The dream of an Interstate 70 is two stoplights closer because of a five-mile N.C. Department of Transportation project in Wilson’s Mills.
The DOT plans to replace two intersections there with interchanges, meaning U.S. 70 in Johnston County would be stoplight-free from Interstate 40 to Princeton. Last week, the DOT held an informational meeting on the Wilson’s Mills project, allowing residents and users of the highway to ask questions, voice concerns and offer suggestions.
The proposed changes would affect the highway’s intersections with Wilson’s Mills Road and Swift Creek Road, with the DOT offering two alternatives for each. The plans vary in scale and impact, with $5 million separating the most and least expensive, and each claiming a different number of homes and businesses. One plan would move Swift Creek Road to the west, and all of the plans include overpass constructions.
The DOT expects to settle on its plans this spring, with right-of-way acquisition to begin in 2018 and construction starting in 2020.
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At last week’s meeting at Wilson’s Mills Elementary School, attendees milled about in the cafeteria, leaning over 10-foot-long maps of a highway they know well but never see from above. They pointed out their homes or their neighbor’s, found their workplaces or farms and wondered aloud how drastic the DOT’s changes would be.
Regardless of which plan the DOT pursues for Swift Creek Road, Wilson’s Mills Councilman Kenneth Jones will likely lose land he leases to a car lot. But Jones thinks freeway status could bring economic development to his hometown.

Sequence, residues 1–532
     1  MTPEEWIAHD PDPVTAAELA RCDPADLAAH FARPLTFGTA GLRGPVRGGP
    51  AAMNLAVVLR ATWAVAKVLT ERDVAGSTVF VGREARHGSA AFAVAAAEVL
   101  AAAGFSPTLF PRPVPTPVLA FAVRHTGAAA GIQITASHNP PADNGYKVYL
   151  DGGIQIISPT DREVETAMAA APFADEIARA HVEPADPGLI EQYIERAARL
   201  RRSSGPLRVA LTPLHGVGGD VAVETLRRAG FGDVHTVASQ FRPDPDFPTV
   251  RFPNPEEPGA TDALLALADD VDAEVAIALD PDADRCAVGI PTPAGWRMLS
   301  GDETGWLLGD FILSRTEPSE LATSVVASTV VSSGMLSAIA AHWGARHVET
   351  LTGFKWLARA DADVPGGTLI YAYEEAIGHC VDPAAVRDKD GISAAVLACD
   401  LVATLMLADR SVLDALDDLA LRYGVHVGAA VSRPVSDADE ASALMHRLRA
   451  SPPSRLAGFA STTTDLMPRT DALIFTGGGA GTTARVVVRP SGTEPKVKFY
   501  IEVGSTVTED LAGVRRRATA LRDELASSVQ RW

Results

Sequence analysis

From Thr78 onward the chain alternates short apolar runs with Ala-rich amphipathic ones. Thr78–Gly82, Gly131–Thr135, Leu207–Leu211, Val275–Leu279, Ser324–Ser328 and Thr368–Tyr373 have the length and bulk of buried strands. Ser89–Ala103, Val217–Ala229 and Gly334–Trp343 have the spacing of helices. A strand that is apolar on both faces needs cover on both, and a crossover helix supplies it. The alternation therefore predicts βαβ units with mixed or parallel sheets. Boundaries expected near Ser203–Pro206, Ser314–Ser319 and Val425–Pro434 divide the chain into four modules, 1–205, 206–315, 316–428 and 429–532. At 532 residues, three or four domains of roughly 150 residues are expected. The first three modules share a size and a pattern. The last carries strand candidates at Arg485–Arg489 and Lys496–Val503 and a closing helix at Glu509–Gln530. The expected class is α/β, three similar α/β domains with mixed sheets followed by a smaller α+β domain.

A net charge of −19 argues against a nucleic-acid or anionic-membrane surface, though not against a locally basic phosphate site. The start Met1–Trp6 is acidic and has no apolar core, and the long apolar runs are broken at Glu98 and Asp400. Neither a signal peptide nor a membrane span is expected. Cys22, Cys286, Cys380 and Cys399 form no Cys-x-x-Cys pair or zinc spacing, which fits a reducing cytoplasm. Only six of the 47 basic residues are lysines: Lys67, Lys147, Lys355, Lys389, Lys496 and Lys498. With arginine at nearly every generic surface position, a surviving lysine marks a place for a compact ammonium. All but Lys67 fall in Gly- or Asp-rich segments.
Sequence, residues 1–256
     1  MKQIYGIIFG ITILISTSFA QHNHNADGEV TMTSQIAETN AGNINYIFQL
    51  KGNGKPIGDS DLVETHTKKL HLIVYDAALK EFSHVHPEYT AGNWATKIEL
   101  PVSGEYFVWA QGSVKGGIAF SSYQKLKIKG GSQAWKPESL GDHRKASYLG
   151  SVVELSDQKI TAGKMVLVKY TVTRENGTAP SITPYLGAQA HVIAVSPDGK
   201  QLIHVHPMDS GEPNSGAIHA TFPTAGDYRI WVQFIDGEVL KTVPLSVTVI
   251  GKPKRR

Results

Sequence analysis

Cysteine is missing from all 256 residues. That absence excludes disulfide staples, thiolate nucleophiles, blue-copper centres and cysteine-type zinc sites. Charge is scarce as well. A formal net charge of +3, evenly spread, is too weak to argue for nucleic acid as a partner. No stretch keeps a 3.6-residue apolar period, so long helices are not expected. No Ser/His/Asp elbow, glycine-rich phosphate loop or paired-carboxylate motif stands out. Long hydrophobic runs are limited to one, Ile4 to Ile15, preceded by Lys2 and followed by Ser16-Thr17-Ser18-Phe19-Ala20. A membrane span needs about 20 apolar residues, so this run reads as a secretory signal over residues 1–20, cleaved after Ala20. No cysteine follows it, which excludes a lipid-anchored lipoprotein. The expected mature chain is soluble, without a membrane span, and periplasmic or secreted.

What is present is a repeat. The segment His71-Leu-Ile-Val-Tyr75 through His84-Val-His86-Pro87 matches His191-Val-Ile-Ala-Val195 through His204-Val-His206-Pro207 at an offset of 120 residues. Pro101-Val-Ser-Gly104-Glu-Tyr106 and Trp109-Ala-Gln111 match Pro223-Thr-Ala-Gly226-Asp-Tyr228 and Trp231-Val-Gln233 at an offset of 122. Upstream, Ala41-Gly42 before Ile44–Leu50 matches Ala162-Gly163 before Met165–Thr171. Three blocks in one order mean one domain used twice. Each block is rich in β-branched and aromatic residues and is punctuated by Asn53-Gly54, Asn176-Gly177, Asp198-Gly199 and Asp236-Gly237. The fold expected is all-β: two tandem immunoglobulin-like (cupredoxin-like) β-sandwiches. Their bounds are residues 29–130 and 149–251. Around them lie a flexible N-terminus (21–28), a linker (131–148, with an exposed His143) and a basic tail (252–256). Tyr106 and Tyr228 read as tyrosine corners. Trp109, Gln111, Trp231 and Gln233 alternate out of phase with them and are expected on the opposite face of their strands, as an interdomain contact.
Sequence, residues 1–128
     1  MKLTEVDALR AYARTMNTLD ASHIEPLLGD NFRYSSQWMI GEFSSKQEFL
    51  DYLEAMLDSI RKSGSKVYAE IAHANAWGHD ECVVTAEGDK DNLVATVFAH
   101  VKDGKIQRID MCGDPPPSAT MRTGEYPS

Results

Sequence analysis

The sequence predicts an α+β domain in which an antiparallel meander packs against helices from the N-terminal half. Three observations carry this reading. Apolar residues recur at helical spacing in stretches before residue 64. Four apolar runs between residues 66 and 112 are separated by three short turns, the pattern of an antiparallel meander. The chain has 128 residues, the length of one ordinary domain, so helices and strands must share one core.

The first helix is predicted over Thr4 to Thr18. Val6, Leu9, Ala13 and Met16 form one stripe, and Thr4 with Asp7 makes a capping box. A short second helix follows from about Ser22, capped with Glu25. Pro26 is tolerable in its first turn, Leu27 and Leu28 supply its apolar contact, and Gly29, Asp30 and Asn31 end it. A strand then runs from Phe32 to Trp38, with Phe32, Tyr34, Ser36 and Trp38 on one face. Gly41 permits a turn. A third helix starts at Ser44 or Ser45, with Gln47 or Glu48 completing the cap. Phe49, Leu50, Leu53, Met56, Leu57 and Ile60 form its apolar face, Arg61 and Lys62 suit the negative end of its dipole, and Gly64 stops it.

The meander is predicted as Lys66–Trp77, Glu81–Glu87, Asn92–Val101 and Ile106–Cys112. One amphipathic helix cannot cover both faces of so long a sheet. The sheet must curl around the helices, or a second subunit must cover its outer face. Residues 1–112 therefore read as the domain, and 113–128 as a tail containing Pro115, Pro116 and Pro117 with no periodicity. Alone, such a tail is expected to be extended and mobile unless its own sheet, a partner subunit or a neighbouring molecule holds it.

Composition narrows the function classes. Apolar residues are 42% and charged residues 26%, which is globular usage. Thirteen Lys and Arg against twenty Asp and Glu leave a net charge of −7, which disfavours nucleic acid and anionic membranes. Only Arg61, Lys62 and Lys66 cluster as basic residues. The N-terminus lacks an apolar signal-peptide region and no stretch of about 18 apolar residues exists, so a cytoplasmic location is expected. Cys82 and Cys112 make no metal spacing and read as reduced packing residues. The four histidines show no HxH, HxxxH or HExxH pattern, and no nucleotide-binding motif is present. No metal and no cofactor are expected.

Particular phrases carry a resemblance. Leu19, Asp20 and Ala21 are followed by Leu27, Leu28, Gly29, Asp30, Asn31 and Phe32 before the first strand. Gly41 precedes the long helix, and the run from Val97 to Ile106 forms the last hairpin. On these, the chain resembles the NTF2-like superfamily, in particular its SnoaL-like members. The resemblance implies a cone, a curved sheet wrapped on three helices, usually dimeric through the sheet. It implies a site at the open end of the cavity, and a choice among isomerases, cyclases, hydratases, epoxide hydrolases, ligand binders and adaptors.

“Progress is going to come,” he said. “We don’t need those stoplights. Replacing them with interchanges could be what makes this town survive. When you have 80 to 90 acres of freeway, it makes this land ideal for commercial and industrial businesses.”
The DOT’s Jay McInnis, project engineer for the U.S. 70 work, said the proposal began as a way to reduce accidents at the two intersections. “It originated as a safety project,” he said. “It’s an area of the highway where cars are going 70 miles per hour, and then all of a sudden, here’s stoplights.”
Last year, the DOT added converting U.S. 70 to an interstate to its five-year highway plan. McInnis said beyond the ease of travel, interstates tend to stimulate economic development. He added that the designation also draws more federal funding, increasing from an 80-20 split between federal and state as U.S. 70 to 90-10 as I-70.
While industries might look for interstates to locate their companies, the DOT’s plans for U.S. 70 in Wilson’s Mills will close or alter a number of existing businesses, including Family Dollar and White Swan Bar-B-Q. Brian McLean, who works off of Uzzle Industrial Drive, said a freeway will force him and other workers in the small industrial park to get to and from work along service roads.
“We don’t even need these road changes,” he said. “It’s not a good solution for us.”
The necessity of the changes puzzled others in attendance. Joe Briles said U.S. 70 doesn’t have safety or traffic problems.
“I’ve lived here for 25 years, and I don’t recall that many accidents,” Briles said. “This is a waste of money. I don’t see the validity of it. There’s not really any congestion. This money could go to other projects. The streets of downtown Raleigh are crumbling; it could go there or I-95.”
The DOT report for the meeting said fatal accidents at the two intersections were higher than for other four-lane highways but did not reach a “critical” level.
The DOT’s plans would affect few people more than George Case. If the DOT moves Swift Creek Road to the west, he would lose his home. The DOT’s other idea for Swift Creek Road would put Case’s home just beyond the concrete fray.
For his part, Case seemed resigned to the change.
“They probably know what they’re going to do,” he said.
Drew Jackson: 919-553-7234, Ext. 104; @jdjackson